Douglas Trail Bridge

Through Plate Girder Bridge over Middle Fork Zumbro River
West of Oronoco Olmsted County, Minnesota

Click the Photo Above to See All Photos of This Bridge!
Name Douglas Trail Bridge
Built By Chicago Great Western Railway
Contractor American Bridge Company of New York
Currently Owned By Minnesota DNR
Length 285 Feet Total, 80 Foot Largest Span
Width 1 Track, 2 Trail Lanes
Height Above Ground 20 Feet (Estimated)
Type Through Plate Girder
Date Built 1903, Rebuilt 2013
Traffic Count 0 Trains/Day (Bridge is a trail)
Current Status Rails-To-Trails
In 1887, the Duluth, Red Wing and Southern Railroad built a line from Red Wing to Zumbrota. This line came under the ownership of the Chicago Great Western in 1902.
In 1890, the Winona & Southwestern Railway built a line from Rochester to Osage, Iowa. This came under the Chicago Great Western as well in 1902.
With the Chicago Great Western owning these two lines, they developed an interest to fill the gap between them. In 1902, construction started between the two towns.

The new line would serve as a branch line for the Chicago Great Western, as their mainline ran 20 miles to the west through Dodge County.

The CGW came under possession of the Chicago & Northwestern in 1968.

In 1972 the line was abandoned from Pine Island to Rochester. This line became part of the Minnesota DNR's network of new state trails popping up on railroad grades by the late 70s.

Today, it is known as the Douglas Trail. It suffered some major damage in Pine Island in 2010 from flooding. Both bridges over the Zumbro were replaced by modern bridges.
The bridge west of Oronoco was repaired in 2013, along with the rest of the trail as a campaign to rebuild the early state rail-trails.

Sitting alone in the bluffs of rural Olmsted County lies this bridge.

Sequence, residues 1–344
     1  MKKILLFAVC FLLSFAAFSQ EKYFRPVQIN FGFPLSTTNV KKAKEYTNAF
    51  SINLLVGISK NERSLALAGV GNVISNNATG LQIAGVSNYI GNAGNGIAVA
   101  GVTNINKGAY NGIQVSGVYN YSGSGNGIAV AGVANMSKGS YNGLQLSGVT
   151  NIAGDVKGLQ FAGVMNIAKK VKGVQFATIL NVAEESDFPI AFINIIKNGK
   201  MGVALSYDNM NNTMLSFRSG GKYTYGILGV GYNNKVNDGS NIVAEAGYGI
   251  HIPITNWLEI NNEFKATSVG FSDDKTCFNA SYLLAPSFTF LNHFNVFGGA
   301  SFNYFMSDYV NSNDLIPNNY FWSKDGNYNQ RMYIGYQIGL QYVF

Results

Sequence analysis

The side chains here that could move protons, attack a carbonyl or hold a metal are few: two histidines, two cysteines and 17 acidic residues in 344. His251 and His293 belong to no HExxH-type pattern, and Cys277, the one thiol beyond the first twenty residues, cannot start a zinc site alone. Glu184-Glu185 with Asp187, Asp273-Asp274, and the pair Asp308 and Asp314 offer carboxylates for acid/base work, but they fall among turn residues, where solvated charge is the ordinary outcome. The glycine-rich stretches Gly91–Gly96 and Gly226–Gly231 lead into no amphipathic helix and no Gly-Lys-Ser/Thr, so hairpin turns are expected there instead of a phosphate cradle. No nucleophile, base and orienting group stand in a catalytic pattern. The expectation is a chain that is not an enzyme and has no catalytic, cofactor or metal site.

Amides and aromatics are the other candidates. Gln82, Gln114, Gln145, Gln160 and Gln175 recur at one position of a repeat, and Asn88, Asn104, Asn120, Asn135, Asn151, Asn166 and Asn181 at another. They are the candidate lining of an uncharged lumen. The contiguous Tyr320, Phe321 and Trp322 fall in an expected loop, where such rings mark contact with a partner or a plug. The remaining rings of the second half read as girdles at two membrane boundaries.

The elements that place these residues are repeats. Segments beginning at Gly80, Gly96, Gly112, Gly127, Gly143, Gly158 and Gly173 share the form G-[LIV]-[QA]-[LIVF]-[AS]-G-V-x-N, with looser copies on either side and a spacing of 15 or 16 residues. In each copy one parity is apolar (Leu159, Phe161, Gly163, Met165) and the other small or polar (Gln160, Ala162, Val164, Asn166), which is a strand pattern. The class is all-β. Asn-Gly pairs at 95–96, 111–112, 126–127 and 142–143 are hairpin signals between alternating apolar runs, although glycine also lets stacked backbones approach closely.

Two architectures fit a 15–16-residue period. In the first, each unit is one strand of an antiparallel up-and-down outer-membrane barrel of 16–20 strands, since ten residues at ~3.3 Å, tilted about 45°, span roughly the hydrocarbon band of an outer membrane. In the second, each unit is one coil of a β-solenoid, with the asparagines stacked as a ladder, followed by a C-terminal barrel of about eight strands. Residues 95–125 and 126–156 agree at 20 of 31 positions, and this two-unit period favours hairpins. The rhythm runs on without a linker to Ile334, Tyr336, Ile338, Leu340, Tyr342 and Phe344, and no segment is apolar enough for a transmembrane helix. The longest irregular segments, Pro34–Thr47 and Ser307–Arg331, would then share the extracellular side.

This bridge was built in 1903, when the line was constructed. The bridge originally featured three spans of through girder.
At the same time, there were two identical bridges at Pine Island over the N. Branch Middle Fork Zumbro River that were destroyed in 2010 flooding.

The one over the main channel was destroyed. The pier sunk down about 6 feet to one direction. The bridge was immediately closed.
The other was over an overflow channel and was in good health. This one was removed in favor of a modern bridge. The bridge was scrapped, but one span found its way onto this bridge in 2013.

Through 2013, the Minnesota DNR resurfaced the complete trail and redecked/repaired all the bridges. This one recieved a new span from Pine Island on the south end.

The south abutment was bulldozed and a faux cut stone pier and abutment were added for the new span.

Much of the great views of this bridge from the field are marked as private property, although on the downstream side, views can be attained.
Views can also be attained from the abutments, like the photo above which is looking north along the bridge. The new span is in front.

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